The high snowpack this winter has caused avalanches, flooding and trail closures, forcing some people to adjust their spring and summer plans.
Winter brought record-breaking levels of snowpack to the state, hitting 201% above normal in April, according to data from the Utah Department of Natural Resources. The snowpack has been beneficial for winter recreation, with ski resorts like Snowbird being open as late as June.
However, because the snow melt has caused flooding, wet trails and abnormally high water levels, outdoor enthusiasts say this season could be different from previous years for summer activities like hiking, mountain biking and river sports.
Colin Peacock, a BYU student and mountain-lover said he and his friends have a goal to ski or backcountry ski every month of the year. Peacock said this will be possible because there is a permanent snow field on the backside of Mount Timpanogos, accessible by hiking, where the snow has only ever melted a couple of times in recorded history, according to Peacock.
BYU graduate Ian Wells is experienced in mountaineering and visits Mount Timpanogos year-round. He said chances of an avalanche happening are higher during spring than any other season due to the snow starting to warm up and melt, especially late in the day after the sun has been out.
Peacock and a friend witnessed two avalanches while backcountry skiing on the backside of Timpanogos, an area called Primrose Cirque.
“We saw some snow slough off and make this snow waterfall up above us … so that’s kind of scary. There was another avalanche that we saw, just a little one going down our existing avalanche path,” Peacock said.
He said they could have been in danger, as the first one was directly above them.
According to Peacock and other experienced hikers, visiting high parts of the mountains this spring will require more preparation and gear than in prior years due to trail conditions and the possibility of experiencing an avalanche. He strongly recommended that those hoping to hike Mount Timpanogos early in the summer do their research and know the potential dangers they could encounter.
Peacock explained that even experienced hikers will need the right gear such as crampons, hiking poles, ice axes, proper footwear and an avalanche kit. He said the extra work and preparation is well worth it.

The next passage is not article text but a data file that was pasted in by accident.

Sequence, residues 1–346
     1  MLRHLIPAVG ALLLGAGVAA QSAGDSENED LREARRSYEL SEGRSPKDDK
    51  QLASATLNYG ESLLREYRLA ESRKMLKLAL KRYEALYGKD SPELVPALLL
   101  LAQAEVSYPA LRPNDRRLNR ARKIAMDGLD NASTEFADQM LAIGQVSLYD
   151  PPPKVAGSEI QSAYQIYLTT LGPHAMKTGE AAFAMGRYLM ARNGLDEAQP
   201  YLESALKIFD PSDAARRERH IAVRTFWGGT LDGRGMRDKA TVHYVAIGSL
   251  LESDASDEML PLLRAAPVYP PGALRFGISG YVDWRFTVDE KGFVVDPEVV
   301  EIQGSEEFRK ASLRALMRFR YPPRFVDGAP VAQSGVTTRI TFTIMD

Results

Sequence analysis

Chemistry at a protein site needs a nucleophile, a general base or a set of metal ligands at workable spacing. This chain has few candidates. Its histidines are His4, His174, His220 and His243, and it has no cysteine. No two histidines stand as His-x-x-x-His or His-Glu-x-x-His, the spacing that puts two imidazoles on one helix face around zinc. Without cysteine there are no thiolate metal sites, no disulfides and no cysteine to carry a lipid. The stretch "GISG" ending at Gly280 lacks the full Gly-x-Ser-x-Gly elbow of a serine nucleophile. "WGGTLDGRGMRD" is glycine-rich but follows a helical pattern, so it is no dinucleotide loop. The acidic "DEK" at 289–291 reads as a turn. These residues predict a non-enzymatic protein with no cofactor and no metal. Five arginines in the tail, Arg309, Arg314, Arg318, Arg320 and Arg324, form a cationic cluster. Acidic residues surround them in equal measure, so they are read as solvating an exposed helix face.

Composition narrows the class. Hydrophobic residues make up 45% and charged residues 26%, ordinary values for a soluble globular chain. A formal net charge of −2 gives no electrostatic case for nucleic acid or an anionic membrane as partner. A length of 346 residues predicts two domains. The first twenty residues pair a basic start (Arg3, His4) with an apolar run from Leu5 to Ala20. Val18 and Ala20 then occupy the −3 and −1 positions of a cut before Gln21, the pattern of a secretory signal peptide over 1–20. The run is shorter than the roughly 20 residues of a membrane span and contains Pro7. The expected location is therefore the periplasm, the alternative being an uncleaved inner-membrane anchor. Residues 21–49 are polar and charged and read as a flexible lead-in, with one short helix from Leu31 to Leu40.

“I 100% think that people should be getting up in the mountains in all the different seasons … there’s just different things to enjoy about them,” said Peacock.
Alyson O’Gwin, an experience design and management major at BYU, said this year’s snow might affect her summer plans. O’Gwin loves hiking, specifically a kind of hiking called “peak-bagging,” where the main goal of the hiker is to reach a mountain summit or set of summits.
“The snow will affect that a lot this year, which is unfortunate,” she said.
She added that some peaks and trails may not be as accessible and will open later in the season than in previous years.
O’Gwin and her friend took a mountaineering trip up Timp in March using ice axes, crampons and other proper equipment. She said people may need to use such gear well into June because of the snowpack.
“It will be good, it’ll just be a different kind of hiking … a little bit more technical, and not for people who are inexperienced,” she said.
O’Gwin said the bright side is that she will be able to snowboard and ski for longer this season.
Skiing is not the only sport benefitting from this year’s record snowpack, according to Wells. He said this year is a good year for river activities — as long as people take proper precautions.
“If you really know what you’re doing and you’re dedicated to being safe, you can go and have a lot of fun on rivers right now,” he said.
Wells mentioned, however, that there can be more debris in the water due to flooding and some areas may be harder to navigate than they were in the past.
Wells said gear and preparation will be key for mountain recreation this year. He said people can rent gear from BYU Outdoors Unlimited, UVU Outdoor Adventure or buy it from consignment gear shops like Pando Refitters in Provo. He also recommends checking websites like AllTrails.com for trail conditions.